Friday, April 21, 2017


Pathways Advisory Group, Inc.
Dustin J. Smith, CFP®

Parenting is much harder than it looks.  I cannot recall an exact moment, but somewhere along the way, the questions got harder – and we’ve got a LONG way to go.

Kids-n-money, however, should be one topic we can handle.  I am, after all, a CERTIFIED FINANCIAL PLANNER™ professional.  Surely that counts for something.  I’ve got this one Teri….

The kids ask for stuff every time we shop.  Toys, treats, you name it, and the store layouts aren’t coincidental.  “No” doesn’t seem to deter them.

I know, let’s get piggy banks and give them a little money so they can decide for themselves.  That’ll stop them from asking for more stuff.  They will learn about money choices and experience why the answer is “no” when it’s all gone.  This piggy bank will be the perfect tool – they can pick their favorite style/color...

Two weeks later, when the piggy banks arrived, it was time to get started.

“Emilie, you still have fifty dollars from your birthday. I will trade you for five ten dollar bills so you can put some of it in the spend slot, some in the save slot, some in the invest slot and some in donate. The spend slot can be used whenever you want.  The save slot is for a spending goal in the future. The invest slot actually grows for you when you’re older and donate can be used to help other kids.”

Great speech Dad - really nailed it!

“Dad, I am going to put it all in the spend slot.”

Ok - not what I was expecting.

“Ok honey.  It’s your money.  You can put it in whatever slot you like, but, if you spend it all you won’t have any money left.”

That should do it.  It was a teaching moment.

“That’s ok Dad, I will have more birthdays.”

Dammit.  Good point kid.  It is birthday money after all; maybe I don’t have this one.


Humbled but never one to quit trying, we’ve been plugging away with the kids-n-money topic ever since.  We read an interesting book The Opposite of Spoiled and started a weekly allowance.  There have been some generous moments and lots of Legos (money smolders quickly in Bryce’s pocket).  Emilie turned out to be more of a saver (half way to a Penny skateboard purchase).  They have learned to make change and pay for things themselves.  However, they do still ask for stuff at the store.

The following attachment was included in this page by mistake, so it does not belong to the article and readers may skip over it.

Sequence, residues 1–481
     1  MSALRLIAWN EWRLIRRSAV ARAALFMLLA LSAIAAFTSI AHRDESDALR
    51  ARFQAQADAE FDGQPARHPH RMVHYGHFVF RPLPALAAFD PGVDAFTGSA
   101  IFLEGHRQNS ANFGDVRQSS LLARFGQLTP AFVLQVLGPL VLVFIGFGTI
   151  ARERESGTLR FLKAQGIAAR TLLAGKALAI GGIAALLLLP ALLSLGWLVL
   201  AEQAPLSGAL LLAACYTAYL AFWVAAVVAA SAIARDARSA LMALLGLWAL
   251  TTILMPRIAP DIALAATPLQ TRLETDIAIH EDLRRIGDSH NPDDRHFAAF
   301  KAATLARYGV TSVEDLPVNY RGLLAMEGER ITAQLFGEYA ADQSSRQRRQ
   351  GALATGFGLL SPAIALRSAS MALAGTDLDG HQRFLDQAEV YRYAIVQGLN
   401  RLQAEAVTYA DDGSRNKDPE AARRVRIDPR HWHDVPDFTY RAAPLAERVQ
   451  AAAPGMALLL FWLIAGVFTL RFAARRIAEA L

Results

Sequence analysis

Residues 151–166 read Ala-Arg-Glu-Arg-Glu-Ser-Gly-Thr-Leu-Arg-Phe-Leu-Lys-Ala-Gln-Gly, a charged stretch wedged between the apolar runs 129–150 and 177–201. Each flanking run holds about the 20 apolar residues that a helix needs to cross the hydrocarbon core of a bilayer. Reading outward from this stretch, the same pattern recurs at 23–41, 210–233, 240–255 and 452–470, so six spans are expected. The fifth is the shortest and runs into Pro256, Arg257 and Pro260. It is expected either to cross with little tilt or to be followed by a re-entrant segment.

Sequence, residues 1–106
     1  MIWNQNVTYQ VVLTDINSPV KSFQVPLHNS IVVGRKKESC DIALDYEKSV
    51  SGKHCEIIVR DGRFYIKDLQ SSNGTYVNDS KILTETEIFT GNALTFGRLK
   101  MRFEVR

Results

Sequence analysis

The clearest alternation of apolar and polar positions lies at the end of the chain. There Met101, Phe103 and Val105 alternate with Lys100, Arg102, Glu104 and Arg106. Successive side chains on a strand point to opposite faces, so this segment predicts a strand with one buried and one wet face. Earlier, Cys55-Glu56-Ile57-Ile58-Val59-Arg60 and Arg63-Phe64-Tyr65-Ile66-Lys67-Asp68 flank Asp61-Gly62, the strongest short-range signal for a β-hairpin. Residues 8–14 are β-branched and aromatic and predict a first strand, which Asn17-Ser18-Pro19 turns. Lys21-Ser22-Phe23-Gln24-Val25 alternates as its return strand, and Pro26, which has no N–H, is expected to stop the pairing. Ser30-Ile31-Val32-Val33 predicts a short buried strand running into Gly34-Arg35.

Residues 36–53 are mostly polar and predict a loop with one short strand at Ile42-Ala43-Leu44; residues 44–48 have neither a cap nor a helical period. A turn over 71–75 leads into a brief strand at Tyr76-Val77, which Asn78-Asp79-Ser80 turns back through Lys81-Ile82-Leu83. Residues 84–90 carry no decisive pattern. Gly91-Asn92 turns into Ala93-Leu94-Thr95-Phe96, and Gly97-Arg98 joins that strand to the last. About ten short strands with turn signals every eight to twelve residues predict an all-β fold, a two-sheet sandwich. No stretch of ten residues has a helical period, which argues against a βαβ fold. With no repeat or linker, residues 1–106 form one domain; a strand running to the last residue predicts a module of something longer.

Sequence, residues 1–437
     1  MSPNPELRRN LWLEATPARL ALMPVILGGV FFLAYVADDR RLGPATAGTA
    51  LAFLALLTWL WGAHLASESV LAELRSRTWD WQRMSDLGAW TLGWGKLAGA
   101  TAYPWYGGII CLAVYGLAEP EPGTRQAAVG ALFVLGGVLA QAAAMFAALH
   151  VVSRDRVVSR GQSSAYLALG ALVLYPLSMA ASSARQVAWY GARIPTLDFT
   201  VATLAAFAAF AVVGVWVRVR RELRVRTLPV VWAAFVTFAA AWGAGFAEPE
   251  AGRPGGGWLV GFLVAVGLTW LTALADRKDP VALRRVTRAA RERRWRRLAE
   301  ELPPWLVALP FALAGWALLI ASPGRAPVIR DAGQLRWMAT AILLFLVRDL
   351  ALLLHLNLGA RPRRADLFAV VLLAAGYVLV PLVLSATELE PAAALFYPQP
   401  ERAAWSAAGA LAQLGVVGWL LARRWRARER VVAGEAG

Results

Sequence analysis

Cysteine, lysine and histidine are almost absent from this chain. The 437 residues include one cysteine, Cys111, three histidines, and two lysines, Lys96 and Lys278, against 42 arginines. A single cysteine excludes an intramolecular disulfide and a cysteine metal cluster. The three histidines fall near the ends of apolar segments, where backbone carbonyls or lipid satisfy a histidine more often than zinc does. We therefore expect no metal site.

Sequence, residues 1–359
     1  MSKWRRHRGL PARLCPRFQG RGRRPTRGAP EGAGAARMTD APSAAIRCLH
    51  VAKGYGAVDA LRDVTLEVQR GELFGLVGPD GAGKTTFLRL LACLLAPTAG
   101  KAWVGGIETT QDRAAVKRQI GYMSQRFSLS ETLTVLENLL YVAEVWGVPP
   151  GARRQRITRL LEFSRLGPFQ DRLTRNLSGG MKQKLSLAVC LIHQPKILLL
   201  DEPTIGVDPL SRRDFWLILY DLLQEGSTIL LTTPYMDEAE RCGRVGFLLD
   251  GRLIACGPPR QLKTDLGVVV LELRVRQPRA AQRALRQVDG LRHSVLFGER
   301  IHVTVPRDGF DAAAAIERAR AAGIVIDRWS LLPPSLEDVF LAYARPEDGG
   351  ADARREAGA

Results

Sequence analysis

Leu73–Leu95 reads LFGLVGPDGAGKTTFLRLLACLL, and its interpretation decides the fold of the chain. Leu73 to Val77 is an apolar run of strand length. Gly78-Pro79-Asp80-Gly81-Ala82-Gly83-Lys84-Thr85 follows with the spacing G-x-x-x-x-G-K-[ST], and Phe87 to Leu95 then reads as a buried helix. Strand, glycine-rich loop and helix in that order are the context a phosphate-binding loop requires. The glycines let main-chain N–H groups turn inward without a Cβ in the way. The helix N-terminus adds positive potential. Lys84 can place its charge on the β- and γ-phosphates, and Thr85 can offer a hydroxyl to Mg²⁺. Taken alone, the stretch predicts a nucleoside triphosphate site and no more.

I have no idea what parental challenge is coming next, but I do know that a kid-less beach vacation will help.  Time to call the Grandparents!!!!

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Friday, April 7, 2017

Warren Buffett’s Bet Shows the Market Wins, Again

Pathways Advisory Group, Inc.
Evon Mendrin, Paraplanner

If there’s one thing that’s been confirmed over and over in my few months at Pathways, it’s the undying belief that markets work. I’ve been baptized in the eternal optimism in businesses and the investment in those businesses as broadly and efficiently as possible.

Warren Buffett agrees – and 9 years ago a great bet was brought forth.

It was 2005 when the first challenge was announced by Buffett – he reminisced in his recent 2016 Letter to Shareholders that he boldly declared the following:

 “I publicly offered to wager $500,000 that no investment pro could select a set of at least five hedge funds – wildly-popular and high-fee investing vehicles – that would over an extended period match the performance of an unmanaged S&P-500 index fund charging only token fees.”